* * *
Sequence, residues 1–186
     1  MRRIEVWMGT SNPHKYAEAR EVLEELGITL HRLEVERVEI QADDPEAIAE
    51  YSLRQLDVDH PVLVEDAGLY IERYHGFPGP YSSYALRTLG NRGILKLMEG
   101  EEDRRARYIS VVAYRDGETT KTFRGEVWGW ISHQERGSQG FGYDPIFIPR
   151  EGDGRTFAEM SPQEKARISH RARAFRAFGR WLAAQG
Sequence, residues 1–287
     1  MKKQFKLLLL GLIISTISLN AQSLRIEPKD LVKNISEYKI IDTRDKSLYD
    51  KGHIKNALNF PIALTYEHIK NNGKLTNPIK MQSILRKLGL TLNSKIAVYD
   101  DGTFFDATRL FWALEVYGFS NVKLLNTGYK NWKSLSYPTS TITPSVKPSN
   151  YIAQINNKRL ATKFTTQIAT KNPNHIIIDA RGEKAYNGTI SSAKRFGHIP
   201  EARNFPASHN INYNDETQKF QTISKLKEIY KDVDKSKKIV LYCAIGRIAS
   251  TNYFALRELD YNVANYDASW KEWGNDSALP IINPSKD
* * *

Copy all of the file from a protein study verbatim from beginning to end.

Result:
Sequence, residues 1–186
     1  MRRIEVWMGT SNPHKYAEAR EVLEELGITL HRLEVERVEI QADDPEAIAE
    51  YSLRQLDVDH PVLVEDAGLY IERYHGFPGP YSSYALRTLG NRGILKLMEG
   101  EEDRRARYIS VVAYRDGETT KTFRGEVWGW ISHQERGSQG FGYDPIFIPR
   151  EGDGRTFAEM SPQEKARISH RARAFRAFGR WLAAQG
Sequence, residues 1–287
     1  MKKQFKLLLL GLIISTISLN AQSLRIEPKD LVKNISEYKI IDTRDKSLYD
    51  KGHIKNALNF PIALTYEHIK NNGKLTNPIK MQSILRKLGL TLNSKIAVYD
   101  DGTFFDATRL FWALEVYGFS NVKLLNTGYK NWKSLSYPTS TITPSVKPSN
   151  YIAQINNKRL ATKFTTQIAT KNPNHIIIDA RGEKAYNGTI SSAKRFGHIP
   201  EARNFPASHN INYNDETQKF QTISKLKEIY KDVDKSKKIV LYCAIGRIAS
   251  TNYFALRELD YNVANYDASW KEWGNDSALP IINPSKD